By Katie Bo Williams - 03/14/16 09:25 AM EDT
The Justice Department is discussing how to proceed with a criminal investigation in which investigators have been stymied by the encryption of the popular instant messaging service WhatsApp, The New York Times reports.
Details of the WhatsApp case are unclear, but officials told the Times that it was not a terrorism case. They said that a federal judge approved a wiretap, but that investigators have been unable to move forward. No decisions have been made about how to proceed.
WhatsApp, which is owned by Facebook, allows users to send messages and make phone calls over the Internet. The company has been adding encryption to its product over the last year, making it impossible for the Justice Department to eavesdrop on communications — even with a valid court order.
The case differs slightly from the ongoing dispute over San Bernardino shooter Syed Rizwan Farook’s iPhone, in which the Justice Department is trying to force Apple to help it unlock the physical device to access the data contained therein. In the WhatsApp case, officials want to be able to read users’ communications that they intercept.
Some investigators believe that the WhatsApp case could set an even more impactful precedent than the Apple case, according to the Times, because it could determine the future of wiretapping — a centuries’ old tool of law enforcement.
While some argue that a judge should order WhatsApp to help investigators obtain the information they need in a readable format, others are hesitant to escalate the dispute given that some lawmakers are expected to introduce legislation to give law enforcement access to encrypted data as early as this week.
Sens. Richard BurrRichard BurrThe Trail 2016: Putting the past behind them The Hill's 12:30 Report Burr pledges to retire after one more Senate term MORE (R-N.C.) and Dianne FeinsteinDianne FeinsteinDems urge Obama to release info on Russian links to DNC hack Hotel lobby cheers scrutiny on Airbnb GOP platform attempts middle ground on encryption debate MORE (D-Calif.) have been preparing a bill — in the works since last fall’s terror attacks in Paris and San Bernardino, Calif. — expected to force companies to comply with court orders seeking locked communications.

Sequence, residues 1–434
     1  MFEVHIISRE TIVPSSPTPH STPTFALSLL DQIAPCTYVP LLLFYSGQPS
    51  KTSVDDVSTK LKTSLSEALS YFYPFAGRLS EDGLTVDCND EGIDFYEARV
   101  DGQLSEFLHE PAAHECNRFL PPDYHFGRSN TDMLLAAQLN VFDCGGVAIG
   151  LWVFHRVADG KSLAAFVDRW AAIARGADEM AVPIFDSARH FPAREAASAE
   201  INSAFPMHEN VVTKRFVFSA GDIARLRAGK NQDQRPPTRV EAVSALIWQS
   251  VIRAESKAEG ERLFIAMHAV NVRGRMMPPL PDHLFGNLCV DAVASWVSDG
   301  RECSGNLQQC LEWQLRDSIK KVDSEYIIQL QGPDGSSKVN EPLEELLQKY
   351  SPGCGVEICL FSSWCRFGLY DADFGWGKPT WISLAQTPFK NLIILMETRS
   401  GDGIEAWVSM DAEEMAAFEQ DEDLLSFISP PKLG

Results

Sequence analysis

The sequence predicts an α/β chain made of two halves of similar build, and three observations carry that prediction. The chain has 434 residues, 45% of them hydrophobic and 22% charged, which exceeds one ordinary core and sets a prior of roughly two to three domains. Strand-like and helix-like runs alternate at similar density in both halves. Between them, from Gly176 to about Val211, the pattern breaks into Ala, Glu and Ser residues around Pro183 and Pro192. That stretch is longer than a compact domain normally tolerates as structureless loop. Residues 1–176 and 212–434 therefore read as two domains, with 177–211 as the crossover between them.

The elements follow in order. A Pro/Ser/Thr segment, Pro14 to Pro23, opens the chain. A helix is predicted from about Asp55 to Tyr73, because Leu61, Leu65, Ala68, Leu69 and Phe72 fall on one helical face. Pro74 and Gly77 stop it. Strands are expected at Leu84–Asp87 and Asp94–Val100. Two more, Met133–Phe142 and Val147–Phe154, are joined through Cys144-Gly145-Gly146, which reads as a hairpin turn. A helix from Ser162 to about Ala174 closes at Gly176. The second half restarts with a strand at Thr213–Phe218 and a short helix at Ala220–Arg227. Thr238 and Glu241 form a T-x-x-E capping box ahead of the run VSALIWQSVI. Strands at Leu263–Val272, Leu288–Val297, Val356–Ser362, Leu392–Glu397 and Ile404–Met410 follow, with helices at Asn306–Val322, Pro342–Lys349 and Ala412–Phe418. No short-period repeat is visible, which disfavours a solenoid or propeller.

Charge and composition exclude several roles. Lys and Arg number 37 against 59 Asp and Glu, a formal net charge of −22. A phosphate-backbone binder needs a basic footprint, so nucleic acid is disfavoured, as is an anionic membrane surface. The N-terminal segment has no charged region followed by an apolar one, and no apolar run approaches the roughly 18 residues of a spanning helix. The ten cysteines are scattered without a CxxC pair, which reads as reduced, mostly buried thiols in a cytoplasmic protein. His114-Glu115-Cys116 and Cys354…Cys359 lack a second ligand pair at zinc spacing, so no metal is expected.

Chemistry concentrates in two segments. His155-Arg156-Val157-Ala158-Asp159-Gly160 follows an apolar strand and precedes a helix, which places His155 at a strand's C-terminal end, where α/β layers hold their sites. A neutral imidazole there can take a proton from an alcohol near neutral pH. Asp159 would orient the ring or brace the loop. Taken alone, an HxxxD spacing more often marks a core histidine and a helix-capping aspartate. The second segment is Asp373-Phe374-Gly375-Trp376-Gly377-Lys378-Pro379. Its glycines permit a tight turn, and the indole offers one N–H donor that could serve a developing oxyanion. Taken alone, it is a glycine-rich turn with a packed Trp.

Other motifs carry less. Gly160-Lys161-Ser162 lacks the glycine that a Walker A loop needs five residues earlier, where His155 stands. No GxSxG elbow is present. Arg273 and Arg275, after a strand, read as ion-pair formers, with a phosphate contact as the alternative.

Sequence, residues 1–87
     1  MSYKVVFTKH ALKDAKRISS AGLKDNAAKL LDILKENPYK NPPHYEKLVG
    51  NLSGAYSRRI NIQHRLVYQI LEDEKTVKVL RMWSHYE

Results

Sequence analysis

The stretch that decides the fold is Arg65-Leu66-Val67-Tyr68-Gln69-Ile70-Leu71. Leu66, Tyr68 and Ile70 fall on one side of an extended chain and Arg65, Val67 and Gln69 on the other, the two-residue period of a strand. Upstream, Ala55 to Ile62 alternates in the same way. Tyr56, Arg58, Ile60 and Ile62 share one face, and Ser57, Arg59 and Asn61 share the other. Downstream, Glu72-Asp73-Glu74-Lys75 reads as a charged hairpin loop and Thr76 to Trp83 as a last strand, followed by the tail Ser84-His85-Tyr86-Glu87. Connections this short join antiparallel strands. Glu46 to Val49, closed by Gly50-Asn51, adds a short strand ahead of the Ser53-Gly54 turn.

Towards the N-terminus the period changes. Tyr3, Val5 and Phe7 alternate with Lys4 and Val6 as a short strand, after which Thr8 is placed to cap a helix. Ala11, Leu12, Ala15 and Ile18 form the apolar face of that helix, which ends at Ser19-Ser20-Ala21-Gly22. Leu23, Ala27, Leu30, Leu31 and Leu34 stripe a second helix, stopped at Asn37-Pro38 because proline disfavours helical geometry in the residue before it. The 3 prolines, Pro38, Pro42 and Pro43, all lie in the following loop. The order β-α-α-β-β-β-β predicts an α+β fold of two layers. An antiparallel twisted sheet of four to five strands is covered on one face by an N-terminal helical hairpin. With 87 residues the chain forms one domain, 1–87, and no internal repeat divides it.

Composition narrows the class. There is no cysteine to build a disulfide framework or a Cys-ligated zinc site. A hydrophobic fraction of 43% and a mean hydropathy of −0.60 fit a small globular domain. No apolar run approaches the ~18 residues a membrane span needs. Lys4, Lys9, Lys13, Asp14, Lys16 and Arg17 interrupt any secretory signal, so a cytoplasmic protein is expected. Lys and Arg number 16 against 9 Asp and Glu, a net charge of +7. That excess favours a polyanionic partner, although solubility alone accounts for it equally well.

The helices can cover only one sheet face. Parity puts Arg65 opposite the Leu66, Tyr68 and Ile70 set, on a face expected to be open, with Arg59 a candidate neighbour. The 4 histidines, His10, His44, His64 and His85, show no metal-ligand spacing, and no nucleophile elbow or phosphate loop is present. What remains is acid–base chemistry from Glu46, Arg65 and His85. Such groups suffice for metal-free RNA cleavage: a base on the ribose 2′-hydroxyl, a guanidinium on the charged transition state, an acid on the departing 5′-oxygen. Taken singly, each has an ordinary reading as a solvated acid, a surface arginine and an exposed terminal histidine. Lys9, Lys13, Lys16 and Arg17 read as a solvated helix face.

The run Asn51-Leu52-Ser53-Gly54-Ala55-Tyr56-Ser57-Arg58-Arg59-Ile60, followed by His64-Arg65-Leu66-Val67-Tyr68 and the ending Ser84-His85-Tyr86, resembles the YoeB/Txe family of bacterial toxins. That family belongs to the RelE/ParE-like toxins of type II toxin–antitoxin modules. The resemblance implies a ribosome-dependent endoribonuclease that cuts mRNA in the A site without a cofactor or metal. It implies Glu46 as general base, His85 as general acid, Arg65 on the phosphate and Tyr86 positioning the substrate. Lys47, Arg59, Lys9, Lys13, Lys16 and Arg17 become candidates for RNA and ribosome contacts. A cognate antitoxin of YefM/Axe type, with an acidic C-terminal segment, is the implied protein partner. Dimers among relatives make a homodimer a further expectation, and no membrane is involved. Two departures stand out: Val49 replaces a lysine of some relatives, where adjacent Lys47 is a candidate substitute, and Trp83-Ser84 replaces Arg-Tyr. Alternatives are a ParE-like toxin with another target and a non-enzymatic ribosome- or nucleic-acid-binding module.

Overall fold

While lawmakers, such as Senate Armed Services Committee Chairman John McCainJohn McCainTrump’s minimum wage two-step confuses business groups, advisers Dems fear Trump arguments on terrorism FULL SPEECH: Tim Kaine accepts Democratic VP nomination MORE (R-Ariz.) and Sen. Tom CottonTom CottonSenator slams Reid for 'dangerous game' on Trump briefings How far will Cruz go in backing Trump? The Hill's 12:30 Report MORE (R-Ark.), have vocally backed the Burr-Feinstein efforts, a bipartisan contingent of lawmakers believe regulating encryption standards would not only weaken security, but also damage America’s economic competitiveness.
Tech companies and privacy advocates believe that stiff end-to-end encryption — in which only the sender and the recipient can read the information — is critical to keeping everyday users of the Internet safe from identity thieves and other cyber criminals.
“WhatsApp cannot provide information we do not have,” the company said this month when Brazilian authorities arrested a Facebook executive, after the company failed to turn over a WhatsApp messaging account requested by a judge in a drug trafficking investigation.
Technologists say WhatsApp’s push to add encryption to all one billion of its customer accounts is almost complete.